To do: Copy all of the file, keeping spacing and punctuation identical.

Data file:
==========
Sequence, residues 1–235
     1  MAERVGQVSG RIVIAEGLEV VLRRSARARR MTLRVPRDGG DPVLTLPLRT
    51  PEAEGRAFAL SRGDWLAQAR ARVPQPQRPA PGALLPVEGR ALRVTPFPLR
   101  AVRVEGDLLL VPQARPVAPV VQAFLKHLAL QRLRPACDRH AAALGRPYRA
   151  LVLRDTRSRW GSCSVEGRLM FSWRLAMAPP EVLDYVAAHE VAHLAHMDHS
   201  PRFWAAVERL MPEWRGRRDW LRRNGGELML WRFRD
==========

Sequence, residues 1–235
     1  MAERVGQVSG RIVIAEGLEV VLRRSARARR MTLRVPRDGG DPVLTLPLRT
    51  PEAEGRAFAL SRGDWLAQAR ARVPQPQRPA PGALLPVEGR ALRVTPFPLR
   101  AVRVEGDLLL VPQARPVAPV VQAFLKHLAL QRLRPACDRH AAALGRPYRA
   151  LVLRDTRSRW GSCSVEGRLM FSWRLAMAPP EVLDYVAAHE VAHLAHMDHS
   201  PRFWAAVERL MPEWRGRRDW LRRNGGELML WRFRD